I’ve always felt that good teachers are evident all the time, even outside of their classroom. It’s never a surprise, therefore, when I meet someone and can see immediately, even when they are not teaching, that they are or would make a good teacher. There is something about good teachers as human beings in general; how they interact, how they listen to people, how they give their time and eye contact to others, how they care about pupils’ wellbeing and potential.
All around the country, Secondary classrooms are peaceful and schools are going about their work as usual. Teachers are talking and students are (mostly) sitting politely, appearing to listen. Most teachers know that lecturing isn’t the most effective method of learning, so why do they default so readily to this tactic? What makes it so appealing, and what hidden messages does it give out?
[Original published on 30th June 2015]
When I first started teaching ICT most people said that it is one the easiest subjects to teach because students like playing on the computer. This is totally not the case; there is a big difference between playing on a computer for leisure purposes compared to passing an exam or coursework. The boundaries and guidelines teachers and students need to go through is strenuous and cause lots of teachers to spoon feed students through the learning process.
Managing your workload is something that, in my experience, most teachers and school leaders struggle with. There’s certainly no magic bullet. Some would even say that it’s impossible to get the balance between your professional and personal lives right, but that doesn’t mean you stop trying. It may be a journey rather than a destination.
Sun, sea, sand and student feedback. As relocations go, you can do a lot worse than Dubai. Liam Greenbank, teacher of IB Business Management & Economics at the Dubai American Academy, explains how he ended up going from grey Blighty to scorching UAE, and tells us about his experiences.
Choosing to become an international teacher is probably a more complex decision for most than it was for me. I was single, 25 years young and had been regretting for a number of years not travelling the world when I finished University. The cost of living in London was becoming more of a struggle than I had imagined, and I had also needed a change from teaching the English system. At the time I wasn’t enjoying the AS and A2 Business Studies courses on offer from certain examination boards, but I was lucky to get a brief taste of the International Baccalaureate (IB) a few years earlier when teaching in Liverpool. A taste I enjoyed.
So, here I am, in my not-so-new, not-state-of-the-art office with my brand new role of Digital Strategist. I need to oversee the implementation of a good Digital Strategy and in my original brief to my employer I stated that, in the first place, I would look at the teaching and learning that goes on. Now, I know that there is a great deal of good practice going on behind closed doors all round the school site. How to go about sharing it and making people open to such collaboration is another task.
For many there is a dislike and some mistrust about sharing ideas; it links, unfortunately, to the idea of lesson observation. There is nothing wrong with lesson observation per se, however, it has become synonymous with grading for staff and the dreaded OFSTED inspection. Lesson observation often sits uncomfortably in the mind-set of some colleagues. This is a small fence to overcome but I think I have the key to open the gate.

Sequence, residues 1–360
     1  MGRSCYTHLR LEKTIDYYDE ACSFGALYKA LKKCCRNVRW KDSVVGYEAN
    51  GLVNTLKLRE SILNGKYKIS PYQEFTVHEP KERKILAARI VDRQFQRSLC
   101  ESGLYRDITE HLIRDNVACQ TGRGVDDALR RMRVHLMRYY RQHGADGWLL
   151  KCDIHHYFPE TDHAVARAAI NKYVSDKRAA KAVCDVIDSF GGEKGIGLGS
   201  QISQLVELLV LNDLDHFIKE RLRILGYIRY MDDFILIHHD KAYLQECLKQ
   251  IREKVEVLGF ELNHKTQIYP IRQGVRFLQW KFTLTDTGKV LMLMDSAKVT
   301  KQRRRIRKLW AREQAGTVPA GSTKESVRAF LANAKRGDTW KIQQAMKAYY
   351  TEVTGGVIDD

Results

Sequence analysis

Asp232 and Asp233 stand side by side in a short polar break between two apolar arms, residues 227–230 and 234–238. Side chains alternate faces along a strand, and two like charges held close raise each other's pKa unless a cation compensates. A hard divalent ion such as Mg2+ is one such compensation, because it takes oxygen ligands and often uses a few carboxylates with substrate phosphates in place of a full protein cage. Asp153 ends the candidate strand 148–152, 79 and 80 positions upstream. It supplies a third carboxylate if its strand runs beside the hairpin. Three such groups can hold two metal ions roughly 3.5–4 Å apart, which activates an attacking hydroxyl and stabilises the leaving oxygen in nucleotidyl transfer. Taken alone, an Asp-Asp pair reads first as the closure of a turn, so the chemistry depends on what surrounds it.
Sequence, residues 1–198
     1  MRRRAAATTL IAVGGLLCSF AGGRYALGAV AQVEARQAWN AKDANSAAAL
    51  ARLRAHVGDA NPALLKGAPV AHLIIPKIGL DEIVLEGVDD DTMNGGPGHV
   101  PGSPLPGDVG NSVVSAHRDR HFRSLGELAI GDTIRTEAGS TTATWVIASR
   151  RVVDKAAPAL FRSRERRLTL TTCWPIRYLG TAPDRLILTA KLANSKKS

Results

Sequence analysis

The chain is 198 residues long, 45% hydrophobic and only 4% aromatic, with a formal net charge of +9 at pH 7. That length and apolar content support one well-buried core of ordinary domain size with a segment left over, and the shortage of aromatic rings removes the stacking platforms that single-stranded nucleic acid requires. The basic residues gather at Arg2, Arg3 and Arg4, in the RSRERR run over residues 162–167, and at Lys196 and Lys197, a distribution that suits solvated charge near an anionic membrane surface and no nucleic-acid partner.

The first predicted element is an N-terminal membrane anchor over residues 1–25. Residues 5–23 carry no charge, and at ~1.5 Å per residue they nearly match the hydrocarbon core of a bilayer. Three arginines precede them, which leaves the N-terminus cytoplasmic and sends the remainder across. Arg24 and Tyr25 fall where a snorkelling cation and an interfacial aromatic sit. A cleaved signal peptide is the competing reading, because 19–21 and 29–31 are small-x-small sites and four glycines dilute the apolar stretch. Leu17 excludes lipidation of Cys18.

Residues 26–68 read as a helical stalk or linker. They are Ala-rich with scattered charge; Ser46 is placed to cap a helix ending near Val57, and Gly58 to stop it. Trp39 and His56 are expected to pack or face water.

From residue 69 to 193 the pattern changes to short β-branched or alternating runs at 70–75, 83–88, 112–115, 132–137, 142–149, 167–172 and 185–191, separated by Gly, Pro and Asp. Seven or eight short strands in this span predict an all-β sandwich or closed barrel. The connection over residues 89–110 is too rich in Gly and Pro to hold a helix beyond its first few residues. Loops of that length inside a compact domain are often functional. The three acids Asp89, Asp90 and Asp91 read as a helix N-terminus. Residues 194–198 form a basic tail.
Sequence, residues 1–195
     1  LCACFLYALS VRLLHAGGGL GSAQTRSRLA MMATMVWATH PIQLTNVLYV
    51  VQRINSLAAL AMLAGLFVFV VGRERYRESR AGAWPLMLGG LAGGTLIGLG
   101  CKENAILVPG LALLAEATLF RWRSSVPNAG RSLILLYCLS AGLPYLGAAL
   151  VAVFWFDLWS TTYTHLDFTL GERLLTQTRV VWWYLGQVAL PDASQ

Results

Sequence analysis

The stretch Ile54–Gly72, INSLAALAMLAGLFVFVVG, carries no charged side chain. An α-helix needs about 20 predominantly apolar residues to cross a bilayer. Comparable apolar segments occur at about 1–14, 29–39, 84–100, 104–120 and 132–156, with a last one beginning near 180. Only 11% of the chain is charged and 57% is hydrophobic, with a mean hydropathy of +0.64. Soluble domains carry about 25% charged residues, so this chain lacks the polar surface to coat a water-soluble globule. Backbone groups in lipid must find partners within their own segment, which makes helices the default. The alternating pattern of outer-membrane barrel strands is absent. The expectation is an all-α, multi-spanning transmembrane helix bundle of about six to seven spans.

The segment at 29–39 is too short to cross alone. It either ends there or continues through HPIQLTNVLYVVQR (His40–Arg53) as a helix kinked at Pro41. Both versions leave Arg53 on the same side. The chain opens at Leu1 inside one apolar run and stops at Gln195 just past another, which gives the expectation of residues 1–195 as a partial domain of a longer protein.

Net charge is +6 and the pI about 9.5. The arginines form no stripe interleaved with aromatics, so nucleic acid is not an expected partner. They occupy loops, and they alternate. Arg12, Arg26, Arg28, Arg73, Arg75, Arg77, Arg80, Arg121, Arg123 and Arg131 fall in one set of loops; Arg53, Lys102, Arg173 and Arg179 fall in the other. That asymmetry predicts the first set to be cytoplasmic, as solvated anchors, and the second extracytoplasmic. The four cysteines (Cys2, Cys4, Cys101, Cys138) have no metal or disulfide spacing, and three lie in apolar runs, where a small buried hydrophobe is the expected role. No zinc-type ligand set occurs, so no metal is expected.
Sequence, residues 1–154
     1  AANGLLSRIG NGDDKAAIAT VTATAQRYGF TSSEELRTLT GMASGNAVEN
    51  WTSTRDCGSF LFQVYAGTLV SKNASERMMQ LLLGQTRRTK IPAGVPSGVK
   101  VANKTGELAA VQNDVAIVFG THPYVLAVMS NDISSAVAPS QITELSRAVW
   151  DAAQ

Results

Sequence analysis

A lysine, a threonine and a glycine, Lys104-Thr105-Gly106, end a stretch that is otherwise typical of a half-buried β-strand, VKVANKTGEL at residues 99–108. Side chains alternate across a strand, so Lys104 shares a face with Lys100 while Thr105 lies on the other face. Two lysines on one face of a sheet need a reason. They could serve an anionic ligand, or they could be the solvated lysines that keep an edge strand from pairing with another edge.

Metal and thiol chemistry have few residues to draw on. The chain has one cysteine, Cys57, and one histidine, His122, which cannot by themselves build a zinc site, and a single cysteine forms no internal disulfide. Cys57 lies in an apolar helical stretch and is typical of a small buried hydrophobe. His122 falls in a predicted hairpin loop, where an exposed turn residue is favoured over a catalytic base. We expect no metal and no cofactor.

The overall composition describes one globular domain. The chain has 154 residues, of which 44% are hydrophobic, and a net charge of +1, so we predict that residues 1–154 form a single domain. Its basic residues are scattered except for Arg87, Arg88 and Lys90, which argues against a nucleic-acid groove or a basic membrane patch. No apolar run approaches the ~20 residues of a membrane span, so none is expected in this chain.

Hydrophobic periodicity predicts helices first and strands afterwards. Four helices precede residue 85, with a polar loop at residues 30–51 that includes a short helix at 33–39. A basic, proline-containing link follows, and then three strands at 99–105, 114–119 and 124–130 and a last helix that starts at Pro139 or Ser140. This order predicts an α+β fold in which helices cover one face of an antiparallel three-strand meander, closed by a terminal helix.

From last September, all secondary schools must provide “independent” and “impartial” careers guidance to pupils in years 9-11. This should include information on all options available for 16-18 education or training, including apprenticeships.
This article looks at what is meant by “independent guidance”, and how schools might best provide it. It is based on the findings of a pilot Transitions Programme, carried out in secondary schools between September 2011 and March 2012, and funded by the RSA.
The government’s vision is to improve social mobility so that no-one is prevented from fulfilling their potential. As part of their Strategy for Social Mobility, new destination measures are being introduced for Key Stage 4 and 5 students which will focus on their progress after leaving school, college or a training provider.
The new destination measures will ensure that all students:
Achieve qualifications which provide them with the best opportunities for their future
Receive the help, support and advice necessary to enable them to make choices about their next steps in education, training and/or employment and make successful transitions.
Careers Education, Impartial Advice and Guidance, Work Related Learning and Enterprise are all subjects when done well require input from employers. Previously there has been a plethora of organisations who were placed to be that link between education and employers, EBP’s who could put on a Careers Fair, Dragons' Den or Work Experience programme to meet the needs of the school. Sadly, in many cases they have gone, and so too has the budget to buy in such services.
Schools are left with a choice: to continue to deliver an enriched programme of learning or to bring it down to the statutory basics and offer a very limited CE/IAG curriculum. In some schools it is the fear of the planning and employer engagement that leads this decision.